The bill never made it to the floor of the Senate. There weren't enough votes to overcome a filibuster mounted by the Democrats. And yet, bringing it to the floor and forcing a vote could have had a pronounced effect in the upcoming elections for those Democrats running in states and congressional districts that had been carried by Donald Trump. With this want of political verve, the sobriquet of the “Stupid party” could attach again to the conservatives, who could have generated so much strain for their adversaries at so little cost to themselves.
As 2020 approaches, we find ourselves in another season of interviews and debates with presidential candidates. And Bret Baier is taking the lead at Fox News, holding town halls and interviews with candidates as liberal-left as Bernie Sanders. Baier will run true to form in raising the question of abortion, but it is almost predictable that he will stop yet again and refrain from crossing the line that will shock: He will ask only about abortions performed up to the very edge of pregnancy—the state of affairs that has been in place since Roe v. Wade in 1973. That was why the Born-Alive Infants' Protection Act was an important piece of legislation: to break out to a public quite uninformed that, under Roe and its companion case of Doe v. Bolton, the abortions could be performed throughout the length of the pregnancy—and even after the child came out of the womb. As federal judge Clement Haynsworth wrote, in lines that will linger, “the fetus in this case was not a person whose life state law could protect.” It did not lose its label as a fetus even after it was born. It remained, after all, a fetus marked for “termination.”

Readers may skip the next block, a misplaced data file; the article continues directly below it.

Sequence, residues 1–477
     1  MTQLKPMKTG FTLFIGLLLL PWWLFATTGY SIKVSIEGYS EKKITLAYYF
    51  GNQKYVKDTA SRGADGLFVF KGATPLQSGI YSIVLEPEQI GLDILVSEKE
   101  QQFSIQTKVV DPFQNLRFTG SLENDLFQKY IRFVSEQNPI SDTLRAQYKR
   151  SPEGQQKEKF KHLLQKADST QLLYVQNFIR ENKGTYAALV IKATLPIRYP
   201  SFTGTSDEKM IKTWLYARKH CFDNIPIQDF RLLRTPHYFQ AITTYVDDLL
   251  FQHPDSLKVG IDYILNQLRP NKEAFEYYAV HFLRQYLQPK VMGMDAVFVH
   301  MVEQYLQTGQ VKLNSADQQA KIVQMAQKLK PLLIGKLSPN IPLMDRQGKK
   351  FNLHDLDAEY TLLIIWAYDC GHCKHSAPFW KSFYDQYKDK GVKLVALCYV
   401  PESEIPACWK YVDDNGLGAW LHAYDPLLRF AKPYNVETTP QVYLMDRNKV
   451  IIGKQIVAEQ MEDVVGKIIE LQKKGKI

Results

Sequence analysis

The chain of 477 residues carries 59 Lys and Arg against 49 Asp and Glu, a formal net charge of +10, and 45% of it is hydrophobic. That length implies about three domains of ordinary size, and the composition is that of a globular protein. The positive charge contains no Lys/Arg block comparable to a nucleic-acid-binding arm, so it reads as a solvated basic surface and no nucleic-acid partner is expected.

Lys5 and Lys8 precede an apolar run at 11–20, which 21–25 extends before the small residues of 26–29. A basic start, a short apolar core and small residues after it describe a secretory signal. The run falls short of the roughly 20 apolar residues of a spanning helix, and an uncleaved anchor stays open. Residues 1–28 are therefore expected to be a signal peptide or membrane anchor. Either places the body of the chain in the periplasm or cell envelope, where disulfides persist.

Whether witting or not, Bret Baier has allowed himself to become complicit in an illusion, or a convention of silence sustained by the media: an unwillingness to break out to the public those simple, but jarring facts, that show that the Democrats are now firming up in support of a position that would surely shock most people in this country. Stripped of euphemisms, the Democrats are now willing to proclaim, quite openly, a right to kill an innocent human being, for reasons wholly of self-interest, a right to kill the child well outside the womb if that is what it takes.
Bret Baier is the best of what network news has been able to serve up. Which is what makes so unaccountable his silences. It's hard to believe that a reporter so accomplished would be uninformed about the most dramatic turn in this issue that has poisoned and vexed our politics for over forty years. Or perhaps something in the management of his network has restrained him from speaking the words that would truly bring the news and shake up our world of politics and law. Every night, when he ends the evening news, Bret Baier says, “Still fair, balanced—and unafraid.” But has that news been “true” in relaying the dramatic facts that have now transformed the issue of abortion? And with this critical omission, is the account truly “balanced”—and is it really, any longer, “unafraid”?
Hadley Arkes is the Ney Professor of Jurisprudence Emeritus at Amherst College and the Founder/Director of the James Wilson Institute on Natural Rights & the American Founding in Washington, D.C. He was an architect of the Born-Alive Infants' Protection Act of 2002, and of the sequel, the Born-Alive Abortion Survivors Protection Act.